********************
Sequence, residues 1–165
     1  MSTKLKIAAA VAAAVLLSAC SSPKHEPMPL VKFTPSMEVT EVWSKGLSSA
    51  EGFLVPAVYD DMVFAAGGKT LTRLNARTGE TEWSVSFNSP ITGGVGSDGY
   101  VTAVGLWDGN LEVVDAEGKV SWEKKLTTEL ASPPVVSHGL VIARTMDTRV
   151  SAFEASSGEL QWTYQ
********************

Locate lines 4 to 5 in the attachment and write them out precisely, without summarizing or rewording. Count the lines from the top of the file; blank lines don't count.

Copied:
   101  VTAVGLWDGN LEVVDAEGKV SWEKKLTTEL ASPPVVSHGL VIARTMDTRV
   151  SAFEASSGEL QWTYQ